Mr CLARE (Blaxland—Minister for Home Affairs, Minister for Justice and Cabinet Secretary) (18:36): Last year at my request the Australian Crime Commission conducted a national investigation of the illegal firearms market. They presented their report to police ministers in June of last year. It is a very serious document. It reveals a black market of a quarter of a million firearms in the hands of criminals.
In the conduct of that investigation, the Australian Crime Commission traced 3,168 firearms that police had seized across the country. That tracing analysis found that 44 per cent of those weapons were not surrendered or registered after the Port Arthur massacre, 12 per cent of those firearms were stolen or involved in staged theft and less than one per cent of those firearms traced by the Crime Commission were illegally imported. In other words, the majority of those weapons that form part of this massive illegal black market are weapons that either were not handed in after the Port Arthur massacre or were stolen. In New South Wales alone, 10 firearms are stolen every week. In the last decade, 7,000 weapons have been stolen in New South Wales and not recovered. I read in a South Australian newspaper today that there have been more than 11,000 weapons stolen in South Australia in the last decade.
All of this fuels that black market. Criminals do try to import weapons. We have seen evidence of that. One illegal gun import is one too many. That is why I have established a Firearms Intelligence and Targeting Team inside Customs, and it is getting results. It is working with the New South Wales police, as well as the FBI, the ATF and the DEA in the United States. They broke a gun-running syndicate only late last year. It is also why I have brought forward this legislation, but it must be clearly understood that this is one small part of what is a massive illegal firearms market: a quarter of a million guns in the hands of criminals across the country.
If we are serious and if we are going to tackle this illegal firearms market then we need to tackle it from every angle—not just on the border but on the street. We need to make sure our police have got the powers they need to seize those weapons off the criminals that are infesting Western Sydney and shooting up streets. We need to make sure that our law enforcement authorities have got the powers that they need to break the code of silence surrounding people that are too afraid to talk and to give information to police. We have to improve our ability to trace the firearms that police do seize. We have got to strengthen laws—and this is an example of that—and harden the border.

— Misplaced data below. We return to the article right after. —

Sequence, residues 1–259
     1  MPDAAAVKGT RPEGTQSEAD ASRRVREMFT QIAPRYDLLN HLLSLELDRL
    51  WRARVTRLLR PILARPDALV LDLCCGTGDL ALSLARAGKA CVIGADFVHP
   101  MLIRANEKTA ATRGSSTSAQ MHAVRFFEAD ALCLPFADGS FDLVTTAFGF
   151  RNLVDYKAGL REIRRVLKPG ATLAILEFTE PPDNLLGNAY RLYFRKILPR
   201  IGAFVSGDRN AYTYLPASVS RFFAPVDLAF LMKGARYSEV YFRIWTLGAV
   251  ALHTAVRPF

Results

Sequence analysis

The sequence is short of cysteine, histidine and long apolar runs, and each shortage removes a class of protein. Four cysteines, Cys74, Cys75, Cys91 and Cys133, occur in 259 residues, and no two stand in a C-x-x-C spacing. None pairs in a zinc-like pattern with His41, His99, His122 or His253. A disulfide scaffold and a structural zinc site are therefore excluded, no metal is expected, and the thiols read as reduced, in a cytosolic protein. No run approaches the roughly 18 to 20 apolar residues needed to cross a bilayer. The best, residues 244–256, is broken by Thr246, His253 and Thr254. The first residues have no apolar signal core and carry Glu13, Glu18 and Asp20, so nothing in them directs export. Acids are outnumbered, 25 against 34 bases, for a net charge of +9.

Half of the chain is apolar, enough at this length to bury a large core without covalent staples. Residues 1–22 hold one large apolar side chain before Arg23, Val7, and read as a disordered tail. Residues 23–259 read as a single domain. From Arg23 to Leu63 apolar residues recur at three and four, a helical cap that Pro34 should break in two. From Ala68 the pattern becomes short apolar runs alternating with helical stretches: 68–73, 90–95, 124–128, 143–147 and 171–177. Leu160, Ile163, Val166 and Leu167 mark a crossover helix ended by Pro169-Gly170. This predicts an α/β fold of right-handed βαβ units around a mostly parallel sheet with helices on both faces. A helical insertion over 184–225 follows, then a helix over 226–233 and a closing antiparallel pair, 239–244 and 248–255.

I put a package of reforms to police ministers in June last year and got their in-principle support for a package. This legislation is the first of these reforms. It introduces tough new penalties for firearms trafficking across state and national borders. It creates new aggravated offences for people who traffic 50 or more firearms or firearm parts either within Australia or across its borders. The maximum penalty for these offences will be life in jail, which is the same maximum penalty for drug trafficking. Additionally, the bill expands existing offences to cover the trafficking of firearm parts as well as the trafficking of firearms. It will also create new offences relating to the trafficking of firearms across Australia’s national borders. This will send a strong message that trafficking in firearms and the violence that it creates will not be tolerated.
As I said, this bill is just one part of a package of reforms that I took to state and territory police ministers last year. These reforms have been agreed in principle, but there is now a lot of work to do to ensure that they are fully implemented. They include, firstly, the establishment of a national firearms register. There are firearms registers in each state and territory. According to the federal agency CrimTrac, about 14,000 firearms disappear off these registries ever year and can slip into the black market. We need to fix this, and that is the purpose of a national firearms registry.
The next thing we agreed on was the in-principle rollout of an Australian ballistics identification network nationwide. This is effectively technology that enables police to identify, from the firearm they seize, the firearm’s involvement in previous crimes. It is like DNA testing for stolen weapons. The New South Wales police have this technology and so do the federal police. We need to roll it out to all police across the country. That is what we agreed to in principle last year.
We also need to improve the skills and the training of our law enforcement officers across the country in the tracing analysis that they do of firearms. For that purpose, this month I am bringing to Australia experts from the United States Bureau of Alcohol, Tobacco, Firearms and Explosives to train state police, federal police and Customs officers. I mentioned the Firearms Intelligence and Targeting Team that I have established in Customs and the work that it is doing. In addition to that, one of those officers has now been embedded inside the New South Wales police. This makes sure that officers are working together with a common aim. The next step is to embed Customs officers in similar squads and similar task forces right across the country.